The day the world received the news that Senator Ted Kennedy was diagnosed with a brain tumor, a fellow blogger I respect a great deal, Pamela Lyn, wrote an excellent piece that’s been in my mind ever since.
With yesterday marking the 40th anniversary of Robert Kennedy’s assassination, I have been reading a number of blog posts on the Kennedy family and their legacy.
Like Pamela Lyn, a Kennedy family member has served in a leadership role in the United States government for my entire life to date. One of my favorite and most memorable books as a child was one on President John F. Kennedy. It was a book focusing on the last 3 days of his life. I attribute that book and my parent’s respect for President Kennedy to my early childhood desire to serve my community and my desire as a teenager to serve in the Peace Corp.
At 14-years-old, I traveled with the All American Gymnastics Camp. While in the Salt Lake City airport, I was in a phone booth (remember those) talking on the phone with my mom. At one point, a large framed gentleman leaned back on my door and it began to open up on me while I was sitting on the little seat in the booth. The gentleman quickly turned around to excuse himself and apologize.
You can imagine my surprise when I found myself looking up into the face of Senator Ted Kennedy!
He was as kind and as gracious and as concerned as he could be. I’m sure he thought I didn’t have a clue as to who he was, but I did! It didn’t matter to him if I knew who he was or not. His only concern was that I was not hurt or scared. He was so incredibly kind.
I have never forgotten that moment.
In 1983, I traveled with the international, nonprofit group Up with People. Part of our tour that year included performances at the International Special Olympics held in Baton Rouge, Louisiana.
For those not aware of the wonderful, nonprofit organization started by Eunice Kennedy Shriver, I encourage you to take the time to visit the Special Olympics website.
Hundreds of thousands of people from all over the world were attending the International Special Olympics that year and the crowds were enormous. (They almost equaled the heat and humidity!) News cameras from more nations than I could count were at every venue following athletes and celebrities alike. What an incredible week in my life.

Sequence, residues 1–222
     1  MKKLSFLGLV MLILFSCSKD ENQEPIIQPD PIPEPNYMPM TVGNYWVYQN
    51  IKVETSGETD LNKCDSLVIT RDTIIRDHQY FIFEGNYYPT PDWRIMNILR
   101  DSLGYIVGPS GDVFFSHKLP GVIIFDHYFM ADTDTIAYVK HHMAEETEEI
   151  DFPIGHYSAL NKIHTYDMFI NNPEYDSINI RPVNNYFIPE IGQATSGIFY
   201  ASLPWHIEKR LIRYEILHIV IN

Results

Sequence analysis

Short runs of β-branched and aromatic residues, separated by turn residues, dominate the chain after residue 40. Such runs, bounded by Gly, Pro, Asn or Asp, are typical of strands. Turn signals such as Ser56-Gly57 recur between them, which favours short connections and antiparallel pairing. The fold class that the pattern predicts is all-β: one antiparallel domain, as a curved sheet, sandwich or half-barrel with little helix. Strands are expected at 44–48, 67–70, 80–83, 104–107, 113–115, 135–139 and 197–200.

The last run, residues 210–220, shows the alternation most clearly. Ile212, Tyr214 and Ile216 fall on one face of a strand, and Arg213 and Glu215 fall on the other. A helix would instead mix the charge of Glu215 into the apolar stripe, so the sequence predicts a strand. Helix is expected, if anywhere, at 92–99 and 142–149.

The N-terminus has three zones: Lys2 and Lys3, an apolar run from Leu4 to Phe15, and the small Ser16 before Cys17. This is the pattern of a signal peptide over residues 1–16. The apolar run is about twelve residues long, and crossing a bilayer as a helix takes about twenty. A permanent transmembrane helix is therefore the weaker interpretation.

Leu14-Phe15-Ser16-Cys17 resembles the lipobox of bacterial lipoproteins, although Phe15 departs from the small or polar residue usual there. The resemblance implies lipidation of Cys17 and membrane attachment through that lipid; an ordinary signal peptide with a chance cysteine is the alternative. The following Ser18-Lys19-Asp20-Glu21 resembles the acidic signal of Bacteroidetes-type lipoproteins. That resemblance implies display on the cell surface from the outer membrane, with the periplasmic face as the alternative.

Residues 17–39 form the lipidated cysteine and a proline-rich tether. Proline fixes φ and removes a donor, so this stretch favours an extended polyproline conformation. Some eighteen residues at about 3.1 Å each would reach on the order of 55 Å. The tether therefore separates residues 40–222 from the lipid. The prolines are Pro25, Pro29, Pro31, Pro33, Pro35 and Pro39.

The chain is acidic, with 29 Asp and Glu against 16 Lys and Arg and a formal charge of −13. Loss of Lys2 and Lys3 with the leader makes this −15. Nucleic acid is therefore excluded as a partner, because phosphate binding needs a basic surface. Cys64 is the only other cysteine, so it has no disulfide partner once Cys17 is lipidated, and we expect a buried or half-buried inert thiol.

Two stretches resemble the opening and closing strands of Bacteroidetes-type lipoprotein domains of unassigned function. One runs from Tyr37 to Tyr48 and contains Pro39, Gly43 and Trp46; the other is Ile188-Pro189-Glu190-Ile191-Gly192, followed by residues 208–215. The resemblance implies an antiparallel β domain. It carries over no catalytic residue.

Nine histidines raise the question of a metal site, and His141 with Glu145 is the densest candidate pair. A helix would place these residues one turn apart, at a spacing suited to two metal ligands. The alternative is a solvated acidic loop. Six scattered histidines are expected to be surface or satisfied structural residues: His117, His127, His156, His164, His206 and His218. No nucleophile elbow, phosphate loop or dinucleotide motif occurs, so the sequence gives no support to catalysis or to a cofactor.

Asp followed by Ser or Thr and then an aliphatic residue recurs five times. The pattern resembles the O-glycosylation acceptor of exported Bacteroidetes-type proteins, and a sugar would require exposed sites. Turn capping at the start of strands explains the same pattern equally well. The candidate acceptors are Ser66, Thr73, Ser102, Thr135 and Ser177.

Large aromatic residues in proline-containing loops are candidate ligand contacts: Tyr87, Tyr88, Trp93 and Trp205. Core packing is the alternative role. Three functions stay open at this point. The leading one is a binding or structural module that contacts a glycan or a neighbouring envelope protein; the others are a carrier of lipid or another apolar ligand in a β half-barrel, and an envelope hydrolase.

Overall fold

During that week, I was blessed to have been chosen to participate in a television sports special taping with Arnold Schwarzenegger, Bruce Jenner, and some of the athletes competing in the weight training events. To me, Mr. Schwarzenegger and Mr. Jenner were not the most impressive people in the room.
The athletes lit up the gym. They were the stars.
However, there was another group of people that spent the day with us. And they were more than impressive in their nature and their interaction with the athletes.
They were the Kennedy’s.
Maria Shriver, a brother or two and some of her male cousins were our companions the entire day. I remember sitting on a bench with a not-yet-famous Maria Shriver talking about her love for the organization and the athletes. Like her uncle before, she was as sincere and as genuine as could be. There wasn’t one false or pretentious bone in her body as she spoke to me. She didn’t know me and during that moment, it was just us on that bench. No cameras, no microphones, no one else within ear shot.
She was as genuine as they come.
And so were her brothers and cousins.
This is a family that has had its ups and downs.
REALLY big ups and REALLY big downs.
While this is not a family of perfect people by any means — none of us come from one of those — they are a family that has dedicated their legacy, generation after generation, to public service. In the face of some our countries most tragic and sad events involving their own loved ones, members of this family continue to pursue the common good for all.
This is a family with strong roots and I feel blessed to be of a generation that has benefited from so very many of their efforts to make this world a better place.